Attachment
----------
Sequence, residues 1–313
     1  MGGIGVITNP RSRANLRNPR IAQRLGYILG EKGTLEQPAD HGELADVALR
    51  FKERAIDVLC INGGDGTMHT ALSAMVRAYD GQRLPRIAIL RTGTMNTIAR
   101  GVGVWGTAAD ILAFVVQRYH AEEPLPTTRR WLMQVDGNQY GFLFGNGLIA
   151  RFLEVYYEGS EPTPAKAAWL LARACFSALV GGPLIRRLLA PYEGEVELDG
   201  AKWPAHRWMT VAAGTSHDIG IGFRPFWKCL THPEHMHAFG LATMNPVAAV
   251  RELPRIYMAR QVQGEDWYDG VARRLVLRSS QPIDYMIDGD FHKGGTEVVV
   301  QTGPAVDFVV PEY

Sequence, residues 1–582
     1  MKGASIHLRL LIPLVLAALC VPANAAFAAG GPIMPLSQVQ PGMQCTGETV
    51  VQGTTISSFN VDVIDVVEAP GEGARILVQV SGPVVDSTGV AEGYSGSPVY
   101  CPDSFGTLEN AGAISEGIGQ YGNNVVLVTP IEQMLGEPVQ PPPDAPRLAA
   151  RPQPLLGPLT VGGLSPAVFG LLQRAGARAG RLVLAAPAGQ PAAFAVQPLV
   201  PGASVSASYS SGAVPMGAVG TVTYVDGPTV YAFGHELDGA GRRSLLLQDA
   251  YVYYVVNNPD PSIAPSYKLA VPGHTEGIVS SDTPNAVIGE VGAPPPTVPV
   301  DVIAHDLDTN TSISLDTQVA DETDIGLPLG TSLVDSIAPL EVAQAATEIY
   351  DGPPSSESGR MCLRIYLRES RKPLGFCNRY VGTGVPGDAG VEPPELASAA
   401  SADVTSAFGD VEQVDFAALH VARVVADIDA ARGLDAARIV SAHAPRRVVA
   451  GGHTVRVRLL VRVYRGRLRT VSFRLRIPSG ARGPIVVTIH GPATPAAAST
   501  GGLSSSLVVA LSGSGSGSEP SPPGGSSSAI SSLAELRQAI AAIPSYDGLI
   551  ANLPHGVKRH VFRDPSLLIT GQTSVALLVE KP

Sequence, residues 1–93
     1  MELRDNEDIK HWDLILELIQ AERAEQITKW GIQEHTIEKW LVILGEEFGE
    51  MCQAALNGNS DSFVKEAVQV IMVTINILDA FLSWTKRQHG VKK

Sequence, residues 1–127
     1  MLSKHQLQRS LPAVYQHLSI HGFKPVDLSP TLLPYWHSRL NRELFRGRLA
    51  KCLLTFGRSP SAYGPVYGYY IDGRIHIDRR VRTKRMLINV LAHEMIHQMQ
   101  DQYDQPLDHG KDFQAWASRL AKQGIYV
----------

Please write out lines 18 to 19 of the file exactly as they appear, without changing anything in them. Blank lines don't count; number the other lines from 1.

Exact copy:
   401  SADVTSAFGD VEQVDFAALH VARVVADIDA ARGLDAARIV SAHAPRRVVA
   451  GGHTVRVRLL VRVYRGRLRT VSFRLRIPSG ARGPIVVTIH GPATPAAAST